On the Platform

A short story from Shanghai – by Michael Russam


He still caught himself getting lost, from time to time, in thoughts about the city that had been his home for a year now. About the way that Shanghai was so prettily decorated with its past and present and future but also, the more he thought about it, so muddied and polluted. Today wasn’t one of those days, though.


Poem: Hamburgers

A satirical poem by Arthur Meursault


Ed: This is a parody of Calvin Trillin’s poem about Chinese food Have They Run Out Of Provinces Yet?, which is also funny and worth reading. Arthur’s poem looks at it from the Chinese perspective …


Have they run out of hamburgers yet?

Or is it as endless as their debt?

McDonalds came with Big Macs and fries,

Soon even Zhengzhou had a franchise.

Next came along old Colonel Sanders,

Pushed new stores through Party back-handers.


Ashes for Ashes

A Chinese funeral – by Kim Willcocks


It was a shock to us all when Lao Lao, my Chinese grandmother-in-law, died. She was 88, which was, as we say in England, a good innings. But she had been so hale and hearty until the end that most of her family felt sure she would reach a hundred. My wife was very close to her as Lao Lao had basically brought her up while my wife’s busy parents worked.

Lao Lao’s life offers a glimpse at how much China has changed.


Bird Talk

A story of old Hong Kong – by Rosalyn Shih


Gor Tsai’s first words were the grumblings of a policeman’s walkie talkie.

Peggy’s husband brought him home in a bell-shaped bamboo cage he balanced on his knees for the minibus ride from Yuen Po Market, only three stops away. The bird’s name meant “little brother”, because the Cantonese name for his kind was baat gor or “brother eight”.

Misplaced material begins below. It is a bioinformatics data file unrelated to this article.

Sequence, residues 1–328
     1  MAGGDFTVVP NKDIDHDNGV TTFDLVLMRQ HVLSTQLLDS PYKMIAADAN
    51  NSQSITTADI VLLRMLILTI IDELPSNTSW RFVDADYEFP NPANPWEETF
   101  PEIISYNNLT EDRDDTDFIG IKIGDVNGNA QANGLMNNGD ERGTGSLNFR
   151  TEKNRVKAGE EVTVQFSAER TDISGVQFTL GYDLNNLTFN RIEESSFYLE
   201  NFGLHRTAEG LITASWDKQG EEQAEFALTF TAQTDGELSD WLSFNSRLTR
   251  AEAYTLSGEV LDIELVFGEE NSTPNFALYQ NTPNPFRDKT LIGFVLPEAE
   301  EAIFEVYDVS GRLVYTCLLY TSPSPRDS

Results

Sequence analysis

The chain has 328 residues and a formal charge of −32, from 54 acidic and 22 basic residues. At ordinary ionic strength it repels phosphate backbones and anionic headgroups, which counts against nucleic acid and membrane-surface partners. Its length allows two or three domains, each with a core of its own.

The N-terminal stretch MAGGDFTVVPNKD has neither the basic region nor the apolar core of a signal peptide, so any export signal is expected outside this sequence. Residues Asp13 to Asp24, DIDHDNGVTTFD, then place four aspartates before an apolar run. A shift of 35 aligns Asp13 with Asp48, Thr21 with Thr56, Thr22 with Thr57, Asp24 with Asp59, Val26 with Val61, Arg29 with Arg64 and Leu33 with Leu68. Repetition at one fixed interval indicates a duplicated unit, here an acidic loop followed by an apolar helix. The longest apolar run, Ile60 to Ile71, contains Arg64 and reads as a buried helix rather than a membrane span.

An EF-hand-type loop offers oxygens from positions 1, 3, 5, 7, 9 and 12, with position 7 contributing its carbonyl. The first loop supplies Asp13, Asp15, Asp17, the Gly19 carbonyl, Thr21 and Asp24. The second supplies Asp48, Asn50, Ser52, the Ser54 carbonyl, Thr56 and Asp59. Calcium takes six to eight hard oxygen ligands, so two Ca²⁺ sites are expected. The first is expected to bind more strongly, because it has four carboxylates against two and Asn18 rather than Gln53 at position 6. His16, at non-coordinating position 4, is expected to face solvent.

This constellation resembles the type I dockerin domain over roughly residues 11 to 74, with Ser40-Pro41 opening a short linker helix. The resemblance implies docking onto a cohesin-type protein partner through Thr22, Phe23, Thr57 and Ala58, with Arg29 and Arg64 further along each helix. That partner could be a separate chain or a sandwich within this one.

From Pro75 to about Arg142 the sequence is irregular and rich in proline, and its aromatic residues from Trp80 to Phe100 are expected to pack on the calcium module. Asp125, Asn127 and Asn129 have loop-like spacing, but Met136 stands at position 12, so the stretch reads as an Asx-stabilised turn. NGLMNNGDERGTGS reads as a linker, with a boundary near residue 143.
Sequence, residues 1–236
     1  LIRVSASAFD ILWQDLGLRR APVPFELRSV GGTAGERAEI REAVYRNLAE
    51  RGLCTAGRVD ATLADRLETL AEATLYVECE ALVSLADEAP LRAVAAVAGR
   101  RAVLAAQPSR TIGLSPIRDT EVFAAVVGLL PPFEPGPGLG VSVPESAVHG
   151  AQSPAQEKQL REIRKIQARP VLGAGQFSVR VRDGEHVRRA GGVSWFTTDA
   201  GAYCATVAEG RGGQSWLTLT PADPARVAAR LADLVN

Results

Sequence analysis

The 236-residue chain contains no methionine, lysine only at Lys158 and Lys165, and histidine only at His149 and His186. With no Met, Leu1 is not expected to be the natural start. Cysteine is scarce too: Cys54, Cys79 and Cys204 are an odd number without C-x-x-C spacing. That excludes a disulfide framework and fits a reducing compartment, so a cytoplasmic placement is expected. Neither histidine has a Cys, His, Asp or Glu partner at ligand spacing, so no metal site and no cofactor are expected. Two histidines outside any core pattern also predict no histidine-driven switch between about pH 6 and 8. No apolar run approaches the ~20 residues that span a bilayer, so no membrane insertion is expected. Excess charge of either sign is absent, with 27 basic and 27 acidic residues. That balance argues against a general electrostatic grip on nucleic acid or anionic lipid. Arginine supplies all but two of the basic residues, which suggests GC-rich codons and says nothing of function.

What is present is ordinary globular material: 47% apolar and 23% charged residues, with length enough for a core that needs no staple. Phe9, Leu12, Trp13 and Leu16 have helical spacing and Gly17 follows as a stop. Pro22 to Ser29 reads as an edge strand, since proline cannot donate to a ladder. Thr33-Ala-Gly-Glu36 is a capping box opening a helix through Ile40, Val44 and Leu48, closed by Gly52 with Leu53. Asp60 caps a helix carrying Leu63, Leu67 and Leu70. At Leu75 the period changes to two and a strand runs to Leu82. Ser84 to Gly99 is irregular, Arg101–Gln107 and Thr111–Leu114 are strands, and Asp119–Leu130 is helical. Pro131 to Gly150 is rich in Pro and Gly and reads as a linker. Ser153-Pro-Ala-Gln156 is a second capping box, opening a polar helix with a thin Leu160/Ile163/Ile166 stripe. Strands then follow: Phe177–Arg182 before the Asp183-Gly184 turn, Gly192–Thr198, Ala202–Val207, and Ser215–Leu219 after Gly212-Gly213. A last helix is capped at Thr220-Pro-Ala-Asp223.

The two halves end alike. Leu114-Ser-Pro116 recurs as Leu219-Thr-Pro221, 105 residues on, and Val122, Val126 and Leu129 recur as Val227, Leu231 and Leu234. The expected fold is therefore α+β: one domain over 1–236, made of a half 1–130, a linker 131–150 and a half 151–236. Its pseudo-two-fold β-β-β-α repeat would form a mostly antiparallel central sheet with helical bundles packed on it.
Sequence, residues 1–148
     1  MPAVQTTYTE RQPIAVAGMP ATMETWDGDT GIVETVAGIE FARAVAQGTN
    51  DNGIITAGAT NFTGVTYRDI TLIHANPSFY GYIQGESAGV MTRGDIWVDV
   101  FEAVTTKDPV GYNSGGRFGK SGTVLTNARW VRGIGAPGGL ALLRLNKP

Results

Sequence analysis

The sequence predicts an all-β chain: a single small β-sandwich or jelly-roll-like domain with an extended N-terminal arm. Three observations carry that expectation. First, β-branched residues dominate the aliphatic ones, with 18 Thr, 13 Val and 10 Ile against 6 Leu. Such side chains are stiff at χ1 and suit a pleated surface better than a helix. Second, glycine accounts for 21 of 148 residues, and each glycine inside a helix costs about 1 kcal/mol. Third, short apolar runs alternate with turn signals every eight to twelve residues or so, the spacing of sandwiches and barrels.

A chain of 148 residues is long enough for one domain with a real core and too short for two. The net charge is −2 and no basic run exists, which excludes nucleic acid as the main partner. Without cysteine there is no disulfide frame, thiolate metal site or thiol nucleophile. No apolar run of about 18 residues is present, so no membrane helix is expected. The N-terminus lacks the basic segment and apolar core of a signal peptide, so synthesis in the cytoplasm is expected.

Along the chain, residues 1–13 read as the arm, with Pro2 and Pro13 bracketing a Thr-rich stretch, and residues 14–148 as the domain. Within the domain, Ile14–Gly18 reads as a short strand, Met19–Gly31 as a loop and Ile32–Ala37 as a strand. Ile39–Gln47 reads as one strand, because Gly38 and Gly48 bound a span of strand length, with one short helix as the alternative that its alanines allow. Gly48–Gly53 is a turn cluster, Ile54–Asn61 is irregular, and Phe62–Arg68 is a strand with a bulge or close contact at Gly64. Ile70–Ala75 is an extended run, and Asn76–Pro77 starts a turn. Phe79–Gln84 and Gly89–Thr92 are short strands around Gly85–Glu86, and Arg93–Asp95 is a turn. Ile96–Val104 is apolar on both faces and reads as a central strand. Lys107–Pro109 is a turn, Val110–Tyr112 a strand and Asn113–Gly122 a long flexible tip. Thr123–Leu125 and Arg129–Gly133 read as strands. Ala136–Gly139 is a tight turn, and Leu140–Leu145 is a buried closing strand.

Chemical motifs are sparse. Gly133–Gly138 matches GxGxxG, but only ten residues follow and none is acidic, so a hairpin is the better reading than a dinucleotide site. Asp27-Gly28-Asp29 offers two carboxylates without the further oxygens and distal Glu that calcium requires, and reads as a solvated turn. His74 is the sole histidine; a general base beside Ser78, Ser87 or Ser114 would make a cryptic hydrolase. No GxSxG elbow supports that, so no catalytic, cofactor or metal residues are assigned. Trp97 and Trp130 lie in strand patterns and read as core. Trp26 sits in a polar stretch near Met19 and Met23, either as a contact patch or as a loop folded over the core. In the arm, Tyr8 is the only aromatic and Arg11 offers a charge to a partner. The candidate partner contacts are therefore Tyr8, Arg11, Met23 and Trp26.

Setting his bounty on the dining room table, the husband solemnly shushed his parents and his wife, waiting for the bird to speak.


Whisky and Writers


The boozy highlight of the 10th Beijing Bookworm literary festival last month was an evening of drinking and storytelling called 'Whisky and Writers', where five writers read five stories, paired with five whiskies. This is the third such annual event, after Writers and Rum in 2014 and Scotch and Stories in 2015 (click through to listen to the audio from both). The first two were organised by the Anthill, but this time Anthony Tao at the Bookworm took over the franchise and invited me to read a story instead, from my chapter in our anthology book While We're Here.

The other readers were all writers in town for the festival, which means we got the cream of the literary crop and some terrific tales, including Hong Kong cartoonist Larry Feign on learning Chinese, and Mexican novelist Valeria Luiselli on, erm, morning glory. It was a delectable and drunken night – each story less articulate than the last as we got through our drinks – and now we're pleased to share the video of it for those who weren't there. - Alec Ash